- SourceAvailable from: Julia T Oxford[show abstract] [hide abstract]
ABSTRACT: Minor fibrillar collagen types V and XI, are those less abundant than the fibrillar collagen types I, II and III. The alpha chains share a high degree of similarity with respect to protein sequence in all domains except the variable region. Genomic variation and, in some cases, extensive alternative splicing contribute to the unique sequence characteristics of the variable region. While unique expression patterns in tissues exist, the functions and biological relevance of the variable regions have not been elucidated. In this review, we summarize the existing knowledge about expression patterns and biological functions of the collagen types V and XI alpha chains. Analysis of biochemical similarities among the peptides encoded by each exon of the variable region suggests the potential for a shared function. The alternative splicing, conservation of biochemical characteristics in light of low sequence conservation, and evidence for intrinsic disorder, suggest modulation of binding events between the surface of collagen fibrils and surrounding extracellular molecules as a shared function.Protein & Cell 06/2012; 3(6):419-33. · 3.22 Impact Factor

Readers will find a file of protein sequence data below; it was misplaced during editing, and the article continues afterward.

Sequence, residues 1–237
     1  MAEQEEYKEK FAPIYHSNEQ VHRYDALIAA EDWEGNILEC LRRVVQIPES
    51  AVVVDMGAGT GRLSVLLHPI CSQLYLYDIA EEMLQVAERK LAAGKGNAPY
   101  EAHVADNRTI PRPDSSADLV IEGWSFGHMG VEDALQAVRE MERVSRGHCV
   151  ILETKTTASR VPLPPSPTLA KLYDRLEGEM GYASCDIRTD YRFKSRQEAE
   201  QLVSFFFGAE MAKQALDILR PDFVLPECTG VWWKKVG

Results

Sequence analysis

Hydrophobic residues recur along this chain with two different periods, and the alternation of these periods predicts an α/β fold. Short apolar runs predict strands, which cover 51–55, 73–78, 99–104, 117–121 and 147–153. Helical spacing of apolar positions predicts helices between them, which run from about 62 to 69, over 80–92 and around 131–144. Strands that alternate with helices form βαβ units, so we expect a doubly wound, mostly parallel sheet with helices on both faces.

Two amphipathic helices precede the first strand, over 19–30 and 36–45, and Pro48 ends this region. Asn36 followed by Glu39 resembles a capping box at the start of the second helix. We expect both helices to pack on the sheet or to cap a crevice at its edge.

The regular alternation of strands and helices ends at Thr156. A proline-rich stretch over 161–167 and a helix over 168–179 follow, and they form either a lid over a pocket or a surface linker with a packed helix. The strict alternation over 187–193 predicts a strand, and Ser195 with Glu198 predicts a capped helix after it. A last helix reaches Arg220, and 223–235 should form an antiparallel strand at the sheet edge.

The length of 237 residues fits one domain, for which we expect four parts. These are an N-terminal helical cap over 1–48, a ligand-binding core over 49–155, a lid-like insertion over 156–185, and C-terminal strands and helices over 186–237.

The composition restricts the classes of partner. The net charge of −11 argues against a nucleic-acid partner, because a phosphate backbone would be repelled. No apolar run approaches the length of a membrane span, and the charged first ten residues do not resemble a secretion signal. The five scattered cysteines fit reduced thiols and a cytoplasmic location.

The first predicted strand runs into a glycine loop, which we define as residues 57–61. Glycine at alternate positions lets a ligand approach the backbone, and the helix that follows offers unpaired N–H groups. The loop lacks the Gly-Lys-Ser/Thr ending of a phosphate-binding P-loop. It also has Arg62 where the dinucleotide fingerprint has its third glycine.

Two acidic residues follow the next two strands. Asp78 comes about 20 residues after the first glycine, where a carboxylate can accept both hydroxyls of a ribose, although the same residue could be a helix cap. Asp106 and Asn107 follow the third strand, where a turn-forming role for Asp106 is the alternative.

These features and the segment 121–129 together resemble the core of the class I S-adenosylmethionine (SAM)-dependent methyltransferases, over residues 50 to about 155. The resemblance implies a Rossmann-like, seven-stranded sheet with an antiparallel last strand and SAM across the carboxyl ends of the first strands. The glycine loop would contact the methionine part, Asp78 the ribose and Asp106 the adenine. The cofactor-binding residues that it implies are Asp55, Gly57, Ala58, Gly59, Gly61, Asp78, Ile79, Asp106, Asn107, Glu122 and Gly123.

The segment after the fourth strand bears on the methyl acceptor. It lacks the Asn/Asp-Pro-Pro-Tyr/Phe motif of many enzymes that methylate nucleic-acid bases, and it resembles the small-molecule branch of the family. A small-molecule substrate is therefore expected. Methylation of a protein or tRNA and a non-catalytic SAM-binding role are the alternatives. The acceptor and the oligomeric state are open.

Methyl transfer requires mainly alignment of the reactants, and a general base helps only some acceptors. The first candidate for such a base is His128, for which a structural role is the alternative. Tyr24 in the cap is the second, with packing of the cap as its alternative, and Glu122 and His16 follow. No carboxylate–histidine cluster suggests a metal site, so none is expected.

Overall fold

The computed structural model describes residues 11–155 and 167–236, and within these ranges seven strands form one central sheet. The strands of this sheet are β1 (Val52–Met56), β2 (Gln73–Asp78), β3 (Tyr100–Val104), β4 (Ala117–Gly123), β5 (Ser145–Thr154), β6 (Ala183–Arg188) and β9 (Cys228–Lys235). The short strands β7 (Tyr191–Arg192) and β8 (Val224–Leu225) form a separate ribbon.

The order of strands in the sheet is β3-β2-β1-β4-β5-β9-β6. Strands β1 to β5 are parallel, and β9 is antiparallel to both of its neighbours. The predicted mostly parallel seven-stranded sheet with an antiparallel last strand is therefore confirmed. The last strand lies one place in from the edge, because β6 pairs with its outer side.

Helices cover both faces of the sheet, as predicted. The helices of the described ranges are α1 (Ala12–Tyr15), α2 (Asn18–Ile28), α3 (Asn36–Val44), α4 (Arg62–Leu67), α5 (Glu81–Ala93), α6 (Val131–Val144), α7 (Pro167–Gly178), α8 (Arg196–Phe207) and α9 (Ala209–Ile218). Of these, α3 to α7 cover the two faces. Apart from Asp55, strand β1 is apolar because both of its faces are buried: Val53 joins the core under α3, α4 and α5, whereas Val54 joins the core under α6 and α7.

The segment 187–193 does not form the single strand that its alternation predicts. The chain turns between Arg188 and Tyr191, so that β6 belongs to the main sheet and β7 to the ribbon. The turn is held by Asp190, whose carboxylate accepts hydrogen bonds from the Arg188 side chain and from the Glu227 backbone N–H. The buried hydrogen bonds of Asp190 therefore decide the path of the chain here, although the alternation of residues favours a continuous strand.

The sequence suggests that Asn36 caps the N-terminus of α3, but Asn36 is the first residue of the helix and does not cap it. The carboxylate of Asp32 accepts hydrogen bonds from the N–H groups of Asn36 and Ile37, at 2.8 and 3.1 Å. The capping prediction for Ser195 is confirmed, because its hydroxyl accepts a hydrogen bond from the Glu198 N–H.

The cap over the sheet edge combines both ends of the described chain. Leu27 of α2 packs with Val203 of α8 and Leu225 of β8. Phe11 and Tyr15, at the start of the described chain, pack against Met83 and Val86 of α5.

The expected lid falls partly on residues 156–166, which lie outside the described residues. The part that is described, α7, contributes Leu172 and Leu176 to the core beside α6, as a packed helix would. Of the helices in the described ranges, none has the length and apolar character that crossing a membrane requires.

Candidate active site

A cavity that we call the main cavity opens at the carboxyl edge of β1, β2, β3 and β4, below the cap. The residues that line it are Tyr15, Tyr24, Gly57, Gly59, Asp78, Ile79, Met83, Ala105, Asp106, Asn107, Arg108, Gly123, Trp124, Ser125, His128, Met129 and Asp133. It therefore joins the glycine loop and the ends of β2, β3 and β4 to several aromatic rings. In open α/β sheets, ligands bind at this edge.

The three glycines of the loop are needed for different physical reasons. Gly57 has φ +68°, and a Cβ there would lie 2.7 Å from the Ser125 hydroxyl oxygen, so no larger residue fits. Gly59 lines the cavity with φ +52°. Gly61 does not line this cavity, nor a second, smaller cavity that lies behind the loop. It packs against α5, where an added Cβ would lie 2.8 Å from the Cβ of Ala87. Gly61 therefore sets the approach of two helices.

- [show abstract] [hide abstract]